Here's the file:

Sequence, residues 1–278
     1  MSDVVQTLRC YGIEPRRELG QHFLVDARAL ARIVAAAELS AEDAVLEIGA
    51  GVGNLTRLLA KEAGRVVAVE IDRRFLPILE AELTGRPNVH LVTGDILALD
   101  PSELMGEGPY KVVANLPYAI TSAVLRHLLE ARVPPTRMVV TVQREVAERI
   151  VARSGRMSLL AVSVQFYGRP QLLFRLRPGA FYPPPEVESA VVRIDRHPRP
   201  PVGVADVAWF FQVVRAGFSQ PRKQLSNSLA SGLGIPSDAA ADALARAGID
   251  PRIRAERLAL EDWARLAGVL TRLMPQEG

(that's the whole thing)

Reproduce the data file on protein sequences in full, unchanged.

Sequence, residues 1–278
     1  MSDVVQTLRC YGIEPRRELG QHFLVDARAL ARIVAAAELS AEDAVLEIGA
    51  GVGNLTRLLA KEAGRVVAVE IDRRFLPILE AELTGRPNVH LVTGDILALD
   101  PSELMGEGPY KVVANLPYAI TSAVLRHLLE ARVPPTRMVV TVQREVAERI
   151  VARSGRMSLL AVSVQFYGRP QLLFRLRPGA FYPPPEVESA VVRIDRHPRP
   201  PVGVADVAWF FQVVRAGFSQ PRKQLSNSLA SGLGIPSDAA ADALARAGID
   251  PRIRAERLAL EDWARLAGVL TRLMPQEG